The Top Five Fitness Myths
If you’ve every tried dieting, I don’t have to tell you how difficult it can be, especially at first. Making major changes to your lifestyle, your habits, or your daily routine can be challenging. You’re not alone; it’s a challenge even for experienced dieters and bodybuilders. After coming off of a bulking phase and being used to eating anywhere from 700 to 2,000 extra calories per week, to then under-eating in order to cut fat is no fun, no matter who you are!
But sometimes, what’s even more challenging than the actual implementation of that change is learning what changes to implement in the first place, ESPECIALLY when it comes to nutrition. A quick Google search on how to lose weight can result in loads of contradictory and inaccurate information. So today, we’re going to break down the top five myths of the health and fitness world in order to help you gain a clearer understanding on what’s total bullshit and what isn’t.
Fat Makes You Fat
With just a cursory glance down almost any aisle at the supermarket, you’ll find products boasting their reduced-fat, low-fat, or fat-free content. Because of its unfortunate name, somewhere along the way we equated EATING fat with BEING fat. Add in the confusion surrounding saturated fat, trans fat, monounsaturated fat, and polyunsaturated fat and it seems simpler to just throw anything with the word “fat” in it out the window. (Here’s margarine! It’s better for you than butter!)
But believe it or not, fat is not only good for you, it’s essential to life. Eating an adequate amount of dietary fat is necessary for a whole host of things, including proper hormone production, the construction of cell membranes, and aiding in the absorption of certain vitamins and minerals among other things. It’s also the most calorically dense macronutrient at 9 calories per gram, making fat an easy way to get in some extra calories quickly.
So if fat doesn’t make you fat, what does? Simple: too many calories. It doesn’t matter if those extra calories come from fat, protein, or carbohydrates, the simple truth is that if you eat more than you burn, it’s going to get stored as extra fluff in that abdominal area and elsewhere.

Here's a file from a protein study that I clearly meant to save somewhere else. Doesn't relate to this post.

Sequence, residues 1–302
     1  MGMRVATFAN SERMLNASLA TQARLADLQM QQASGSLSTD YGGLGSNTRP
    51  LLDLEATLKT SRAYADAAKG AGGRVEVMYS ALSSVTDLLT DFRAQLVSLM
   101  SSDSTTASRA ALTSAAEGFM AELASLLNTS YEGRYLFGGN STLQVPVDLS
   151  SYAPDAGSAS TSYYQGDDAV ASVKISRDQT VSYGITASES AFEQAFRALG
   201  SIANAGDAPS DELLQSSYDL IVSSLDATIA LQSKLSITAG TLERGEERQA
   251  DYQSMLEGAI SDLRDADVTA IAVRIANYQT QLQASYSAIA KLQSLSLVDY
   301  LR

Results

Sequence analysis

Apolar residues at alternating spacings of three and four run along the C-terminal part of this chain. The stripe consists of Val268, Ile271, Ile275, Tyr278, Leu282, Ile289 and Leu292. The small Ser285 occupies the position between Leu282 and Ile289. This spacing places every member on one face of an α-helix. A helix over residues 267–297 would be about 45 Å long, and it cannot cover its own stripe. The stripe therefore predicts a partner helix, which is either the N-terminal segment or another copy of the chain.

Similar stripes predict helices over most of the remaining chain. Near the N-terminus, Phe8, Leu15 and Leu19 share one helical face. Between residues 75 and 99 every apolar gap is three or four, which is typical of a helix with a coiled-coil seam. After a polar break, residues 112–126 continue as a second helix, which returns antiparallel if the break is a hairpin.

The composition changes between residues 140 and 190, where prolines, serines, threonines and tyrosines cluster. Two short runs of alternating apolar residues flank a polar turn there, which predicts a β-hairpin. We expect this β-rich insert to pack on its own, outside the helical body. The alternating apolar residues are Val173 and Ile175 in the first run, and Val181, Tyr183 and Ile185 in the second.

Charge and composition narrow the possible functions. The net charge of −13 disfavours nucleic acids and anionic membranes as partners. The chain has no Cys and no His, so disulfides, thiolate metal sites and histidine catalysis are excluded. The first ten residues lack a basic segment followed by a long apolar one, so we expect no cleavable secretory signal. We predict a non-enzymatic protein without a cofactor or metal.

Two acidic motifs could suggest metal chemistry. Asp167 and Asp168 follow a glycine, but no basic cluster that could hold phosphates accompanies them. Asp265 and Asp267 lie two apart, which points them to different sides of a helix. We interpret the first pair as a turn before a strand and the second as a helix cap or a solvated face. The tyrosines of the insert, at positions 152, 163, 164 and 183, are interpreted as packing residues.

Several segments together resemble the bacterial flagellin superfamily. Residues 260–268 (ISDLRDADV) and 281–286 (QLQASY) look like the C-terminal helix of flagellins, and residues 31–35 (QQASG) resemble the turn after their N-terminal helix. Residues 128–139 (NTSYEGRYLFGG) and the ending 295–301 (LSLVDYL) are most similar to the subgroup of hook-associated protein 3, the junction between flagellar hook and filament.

You may be asking yourself, “Hey Steve, what about trans fat? I’ve heard that trans fat is the most vile, evil thing on the planet and should be avoided at all costs!” While trans fat definitely isn’t the GREATEST thing for you, the GOOD news is that it’s mostly manmade and can be easily avoided by avoiding processed foods in general (which I recommend, at least 80-90% of the time). In addition to trans fats, there are three other types of fats: saturated fats (which are not as bad for you as previously thought, and can be found in meat and eggs), polyunsaturated fats (such as olive oil), and monounsaturated fats (found in nuts, fish, and avocados).
Long story short, don’t be afraid of getting fat by eating it. I regularly include butter, olive oil, nuts, cheeses, eggs, and meat in my daily routine. Hell, it seems like these days, plenty of people out there seemingly subsist entirely on avocados! So enjoy your fat, folks; fatty foods are some of the most flavorful and satiating foods out there!
Carbs Make You Fat
I’m running the risk of breaking the hearts of keto dieters everywhere with this next section, but I promise it’s for your own good. Much in the same way fat doesn’t make you fat, carbs don’t make you fat either. Again, that comes down to calories in versus calories out. However, with that being said, there are a few caveats.
First off, carbohydrates are technically the only macronutrient that your body doesn’t actually need. You need protein to live. You need fat to live. But carbs? You could ditch them almost entirely and your body would survive just fine. (Which is essentially what keto dieters do, forcing their body to run on ketones instead of glucose.)
HOWEVER, carbohydrates do play a specific role in health and fitness that should not be overlooked. When consumed, a certain percentage of carbs get stored directly in your muscle fibers as glycogen and that glycogen can be used at a moment’s notice for instant energy (say, for instance, when you’re trying to lift something really fuckin’ heavy).
The issue is that your body can hold on to only so much glycogen, so anything extra gets stored as unwanted body fat. The REAL problem is not the carbs themselves, but rather the fact that it’s very easy to overeat carbohydrates (seeing as they’re extremely yummy). and thus people have equated carbohydrates with excess weight gain.